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#331
Originally Posted by bennypr0fane View Post
Stupid layman question:
Why *is* mobile hardware support such a shitshow indeed?
I can't explain to myself why - on the one hand - you can just download one of hundreds of linux distros and install them on any old computer, and there's a pretty good chance everything will just work right out of the box (and if it doesn', there's a good chance it can be fixed in a matter of hours); while - on the other´ hand -
there's a company of skillful engineers (Jolla) making it its top priority to make this one Linux distro (Sailfish) run on this specific mobile computer (Sony Xperia X) that they have all the specs and drivers for, but they can't get it finished in a matter of six months? I just don't get it. What accounts for this incredible difference in difficulty?
There are a couple reasons, that when combined result in the current unfortunate situation:

Embedded hardware development technique spilling over

Anyone who ever worked with embedded hardware might will likely confirm that the way how software is developed and deployed is often far from ideal (ancient kernels/tools/compiler, hacky deployment tools and general lack of standardization). This still generally works out for fire-and-forget-embedded devices with infrequent or even no firmware updates once deployed in the field.

But things generally fall apart when you try to apply the same techniques to what is basically a mass market small computer used by regular people used to desktop update schedules. The embedded techniques just no longer scale.

Lack of BIOS & device enumeration APIs

X86 PCs and servers generally have BIOS (old style or EFI based), which is a built-in minimal OS that when the computer starts up brings up the hardware, checks it's working correctly and then hands control over to the really OS (Linux/Windows/etc.). The BIOS also provides some hardware enumeration APIs, such as ACPI, that the OS can use to enumerate hardware on the given machine and act accordingly.

There is no such thing on mobile ARM devices.

And that's a big problem - the Linux kernel needs to known on exactly which hardware it will run and do all the low-level configuration and checking itself. There are generally also no device enumeration APIs so you need to hardcode the exact hardware configuration to your kernel or else stuff will not work.

This was the reasons that it used to be the norm in the past that there was separate kernel fork for every specific device variant. Compare that with situation where there is exactly one kernel a distro, such as Fedora, maintains and that works on all hardware Fedora supports thanks to BIOS handling all the low level hardware configuration details.

BTW, a bit of trivia - who can we thank for universal availability of BIOS & ACPI on x86 devices ? Microsoft, really! They needed one OS image that can work on all the hardware and thanks to the dominant position of Windows x86 hardware companies had no choice than to provide what was needed for that, which was BISO, ACPI & co.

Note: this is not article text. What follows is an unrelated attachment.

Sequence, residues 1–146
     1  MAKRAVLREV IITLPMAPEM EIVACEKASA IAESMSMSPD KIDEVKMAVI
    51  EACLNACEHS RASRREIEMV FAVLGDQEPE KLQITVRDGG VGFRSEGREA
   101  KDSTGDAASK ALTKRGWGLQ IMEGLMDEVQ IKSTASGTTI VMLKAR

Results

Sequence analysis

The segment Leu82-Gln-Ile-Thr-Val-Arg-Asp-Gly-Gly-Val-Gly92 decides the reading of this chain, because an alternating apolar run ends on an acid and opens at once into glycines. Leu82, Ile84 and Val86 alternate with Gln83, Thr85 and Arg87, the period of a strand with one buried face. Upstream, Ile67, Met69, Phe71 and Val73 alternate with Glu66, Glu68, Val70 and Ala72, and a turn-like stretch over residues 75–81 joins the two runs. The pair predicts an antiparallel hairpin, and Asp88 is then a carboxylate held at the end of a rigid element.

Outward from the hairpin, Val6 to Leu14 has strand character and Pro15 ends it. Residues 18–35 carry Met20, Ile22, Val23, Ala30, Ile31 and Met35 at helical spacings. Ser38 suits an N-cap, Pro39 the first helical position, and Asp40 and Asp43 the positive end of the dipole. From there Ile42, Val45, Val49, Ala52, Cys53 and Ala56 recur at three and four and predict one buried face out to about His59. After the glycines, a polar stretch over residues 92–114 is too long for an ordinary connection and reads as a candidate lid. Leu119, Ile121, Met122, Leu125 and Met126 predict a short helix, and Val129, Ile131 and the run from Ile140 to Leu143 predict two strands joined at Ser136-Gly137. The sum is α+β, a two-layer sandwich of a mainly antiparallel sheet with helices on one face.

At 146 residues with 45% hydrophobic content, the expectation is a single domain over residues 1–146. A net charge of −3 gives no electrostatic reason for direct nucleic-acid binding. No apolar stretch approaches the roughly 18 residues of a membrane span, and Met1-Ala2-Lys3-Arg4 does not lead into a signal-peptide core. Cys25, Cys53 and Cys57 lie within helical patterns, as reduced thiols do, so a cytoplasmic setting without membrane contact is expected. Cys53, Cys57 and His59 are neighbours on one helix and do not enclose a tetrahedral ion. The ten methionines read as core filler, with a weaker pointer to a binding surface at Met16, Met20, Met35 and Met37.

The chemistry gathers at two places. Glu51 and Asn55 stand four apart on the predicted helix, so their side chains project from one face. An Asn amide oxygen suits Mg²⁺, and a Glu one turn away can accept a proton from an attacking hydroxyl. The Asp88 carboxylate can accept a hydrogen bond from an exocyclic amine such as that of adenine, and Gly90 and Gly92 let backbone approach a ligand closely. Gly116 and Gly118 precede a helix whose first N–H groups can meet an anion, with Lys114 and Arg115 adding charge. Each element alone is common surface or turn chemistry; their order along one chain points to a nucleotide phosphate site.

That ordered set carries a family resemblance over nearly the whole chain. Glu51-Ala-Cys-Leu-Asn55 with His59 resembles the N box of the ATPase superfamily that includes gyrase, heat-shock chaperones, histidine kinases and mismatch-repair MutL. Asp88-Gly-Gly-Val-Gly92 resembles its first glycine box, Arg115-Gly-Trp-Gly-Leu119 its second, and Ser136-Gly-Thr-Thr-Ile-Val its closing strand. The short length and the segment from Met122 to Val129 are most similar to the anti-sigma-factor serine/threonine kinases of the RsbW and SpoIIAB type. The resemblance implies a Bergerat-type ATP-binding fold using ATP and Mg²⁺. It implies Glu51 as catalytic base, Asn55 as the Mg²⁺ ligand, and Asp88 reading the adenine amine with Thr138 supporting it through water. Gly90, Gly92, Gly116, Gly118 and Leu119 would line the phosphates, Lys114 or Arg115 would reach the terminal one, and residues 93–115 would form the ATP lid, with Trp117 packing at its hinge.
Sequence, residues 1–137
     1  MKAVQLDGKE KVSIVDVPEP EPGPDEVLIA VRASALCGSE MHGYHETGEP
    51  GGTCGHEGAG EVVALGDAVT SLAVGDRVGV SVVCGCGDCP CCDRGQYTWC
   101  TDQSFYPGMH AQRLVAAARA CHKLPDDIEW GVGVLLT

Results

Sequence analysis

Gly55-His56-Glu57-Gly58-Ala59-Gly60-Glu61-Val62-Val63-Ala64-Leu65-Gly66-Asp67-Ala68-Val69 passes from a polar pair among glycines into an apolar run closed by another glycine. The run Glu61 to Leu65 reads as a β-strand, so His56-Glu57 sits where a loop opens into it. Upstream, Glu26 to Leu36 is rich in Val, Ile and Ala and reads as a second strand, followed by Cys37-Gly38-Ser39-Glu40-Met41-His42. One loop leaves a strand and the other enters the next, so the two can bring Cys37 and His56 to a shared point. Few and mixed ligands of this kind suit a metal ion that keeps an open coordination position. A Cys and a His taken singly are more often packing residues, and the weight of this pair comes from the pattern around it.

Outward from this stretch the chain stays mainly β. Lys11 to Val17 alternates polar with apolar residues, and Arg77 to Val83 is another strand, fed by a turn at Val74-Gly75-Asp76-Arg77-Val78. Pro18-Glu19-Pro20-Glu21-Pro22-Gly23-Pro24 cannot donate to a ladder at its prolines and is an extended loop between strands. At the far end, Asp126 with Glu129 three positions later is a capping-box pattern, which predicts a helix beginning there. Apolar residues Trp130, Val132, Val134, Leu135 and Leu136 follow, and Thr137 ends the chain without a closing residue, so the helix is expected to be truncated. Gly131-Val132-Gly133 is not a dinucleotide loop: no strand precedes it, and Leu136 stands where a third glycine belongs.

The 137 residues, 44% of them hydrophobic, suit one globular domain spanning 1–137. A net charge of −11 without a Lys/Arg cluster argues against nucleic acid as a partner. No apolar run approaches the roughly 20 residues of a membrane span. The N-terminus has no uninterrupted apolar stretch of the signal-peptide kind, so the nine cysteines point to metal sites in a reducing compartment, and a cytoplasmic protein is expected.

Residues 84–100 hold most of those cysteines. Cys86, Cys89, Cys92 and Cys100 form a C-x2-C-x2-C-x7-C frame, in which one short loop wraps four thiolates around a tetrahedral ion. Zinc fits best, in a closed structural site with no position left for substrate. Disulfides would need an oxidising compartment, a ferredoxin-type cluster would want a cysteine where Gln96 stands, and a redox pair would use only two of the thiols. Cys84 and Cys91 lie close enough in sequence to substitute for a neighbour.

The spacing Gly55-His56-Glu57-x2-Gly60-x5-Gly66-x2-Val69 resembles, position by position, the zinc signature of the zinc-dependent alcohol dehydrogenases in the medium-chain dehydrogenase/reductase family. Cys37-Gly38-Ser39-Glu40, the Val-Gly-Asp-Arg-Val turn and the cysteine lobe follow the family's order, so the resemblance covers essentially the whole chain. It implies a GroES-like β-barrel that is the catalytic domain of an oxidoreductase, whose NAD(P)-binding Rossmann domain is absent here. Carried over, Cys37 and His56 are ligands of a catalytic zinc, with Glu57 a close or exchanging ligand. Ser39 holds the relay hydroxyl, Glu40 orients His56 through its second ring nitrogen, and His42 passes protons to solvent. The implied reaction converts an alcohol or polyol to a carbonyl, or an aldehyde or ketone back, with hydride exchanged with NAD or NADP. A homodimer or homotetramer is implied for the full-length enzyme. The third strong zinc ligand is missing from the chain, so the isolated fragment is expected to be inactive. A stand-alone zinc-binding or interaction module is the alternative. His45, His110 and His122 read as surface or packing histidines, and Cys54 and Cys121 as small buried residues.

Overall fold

Linux then basically piggy-backed on that.

Thankfully, situation seems to be hopefully improving on the ARM front. There is now the device-tree mechanism where the Linux kernel get a blob describing the current hardware. This way a single kernel can handle multiple versions of BIOS-less hardware. On the other hand the kernel still needs to do all the low-level hardware setup. Also some hardware, generally ARM servers, has EFI-based bios (see SBSA for more details).

Time to market

Mobile device market seems to be still moving more quickly than the PC market, so how quickly you can get you device out of the door with some new features/better performance/lower price than the competition. That includes hack to hell software because there just was no time to do things properly. But hey, you were first!

Planed obsolescence

The hardware vendors generally get the most money from you when they sell you the device - they have no real monetary incentive to keep supporting the device afterwards. Actually the opposite - if they quickly stop supporting it, you are more likely to buy a new one, possibly from them.

This is why I really like the Sailfish X subscription model - it has a chance to break this vicious circle.

People still generally don't care

General users don't seem to really care about both running unsecure software and throwing the device away when it no longer works for them. That again does put less pressure on hardware manufacturers to do things properly.

People seem to care more about not throwing away desktop/laptop hardware - maybe because of prior experience or because it's larger ?

Google vendor lockin

Some issues on Android also stem from the meddling Google is doing to gain ever more control over Android via the Google play services API which more and more Android applications depend on. Another vector which Google uses to control Android hardware manufacturers is the Open Handset Alliance. See the Arstechnica article for details of how this all works.
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